While your Shiba Inu can wear both, a harness is the most recommended and best option for them. A collar will only put pressure on your furry friend’s neck. This happens when they pull or tug on their leash, and this can harm your buddy.

This breed is prone to eye problems, such as glaucoma. The pressure on their neck due to a collar can also increase the pressure on your buddy’s eyes. This can exacerbate their eye condition, which can lead to a loss of vision.

Unfortunately, your Shiba Inu may not be the best on a leash. They like to yank their leash and they are prone to fleeing. This can also choke your poor Shiba, cutting off their air supply.

The pressure a collar puts on their neck can also lead to musculoskeletal issues. Remember, their neck is a part of their vertebrae. This can lead to intervertebral disc disease, which is not uncommon in a Shiba Inu.

It is also likely for a Shiba Inu to slip out of its collar. When they do, you cannot outrun this speedy dog. They may end up getting lost or running into traffic.

But having your Shiba Inu wear a harness can mitigate all these issues. A well-fitting harness makes it hard for your Shiba Inu to sleep out of. Unlike a collar, it also distributes pressure on the strongest part of the body.

A harness will not choke your poor Shiba, so there is no unnecessary pressure on their neck or eyes. This can give you a bit of peace of mind whenever you walk them outside.

But a collar can work for your Shiba Inu, only if they are leash trained. A collar may be more comfortable for them and some do not like wearing harnesses. This will boil down to their preference and how they behave on a leash.

Both collars and harnesses have their pros and cons. It is up to you to assess which one suits your furry friend best.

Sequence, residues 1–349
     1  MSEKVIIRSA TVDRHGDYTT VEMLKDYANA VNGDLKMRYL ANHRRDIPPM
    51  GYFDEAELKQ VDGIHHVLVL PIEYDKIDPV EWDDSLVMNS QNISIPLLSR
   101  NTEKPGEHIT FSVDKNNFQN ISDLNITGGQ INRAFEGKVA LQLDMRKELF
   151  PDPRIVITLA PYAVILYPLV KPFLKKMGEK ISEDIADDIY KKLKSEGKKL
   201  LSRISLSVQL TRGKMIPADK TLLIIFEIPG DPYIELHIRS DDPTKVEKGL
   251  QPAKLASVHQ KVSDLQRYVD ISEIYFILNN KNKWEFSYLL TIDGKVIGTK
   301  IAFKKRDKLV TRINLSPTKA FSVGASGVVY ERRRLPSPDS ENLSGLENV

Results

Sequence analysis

The Good and the Bad of Dog Collars

Pros
  • It can hold ID tags
  • Gives you better control while walking your Shiba Inu
  • Flat collars are better for leash training
  • Comes in various types, materials, and designs
Cons
  • A loose-fitting one can make it easy for your Shiba to slip out of their collar
  • A tight-fitting one can be painful and cause damage to your Shiba Iu
  • It can lead to vertebrae issues and damage their throat
  • It can be a choking hazard if your Shiba Inu pulls too hard

The Good and the Bad of Dog Harnesses

Pros
  • More secure as it prevents your Shiba Inu from slipping out
  • More comfortable for your Shiba Inu to wear
  • Helps in preventing injuries, especially on the neck
  • Helps in lessening back pain
  • A front-clip harness may discourage leash pulling
  • Better for dogs who have issues with their neck and back
Cons
  • Gives you less control when walking your Shiba Inu
  • Takes more effort to put on and take off
  • Back-clip harnesses encourage pulling
  • Can be uncomfortable for your Shiba Inu to wear on hotter days
  • A loose-fitting harness can make it possible for your Shiba to wiggle out of it
  • A tight-fitting harness can be painful for your Shiba Inu to wear

Are Harnesses Good for Shiba Inu?

Harnesses are better for your Shiba Inu as it does not put excess pressure on their necks. Since this breed tends to pull their leash, a harness will protect their fragile necks. This is why a harness is a must for dogs who already suffer from issues with their vertebrae and eyes.

But even if your Shiba Inu is healthy, the constant leash tugging with a collar can lead to these health issues. This is more of an issue if your Shiba Inu is not leash trained yet. If they do not know how to use a leash, chances are, they are going to keep pulling and hurting their neck.

Other than that, Shiba Inu has a strong urge to flee compared to other dog breeds. A collar is easier for them to slip out off, especially if it is not the perfect fit. A tighter collar may be harder to slip out of, but then again, there is the issue of putting pressure on their neck.

A well-fitted harness is harder for your Shiba Inu to escape from, thus, they are more secure. If they do try to run off, you have more leverage. You can grab the harness itself and pull your Shiba back to safety.

Not all harnesses are great for your Shiba Inu, though. There are two types of harnesses, both with their pros and cons. And if your Shiba Inu likes to pull on their leash, you should only consider one of the two types.

With this, here are the two types of dog harnesses for you to consider.

Back-Clip Harnesses

This is the most common type of harness that you can easily find in your local pet store. You fasten the harness and attach the leash to your furry friend’s back.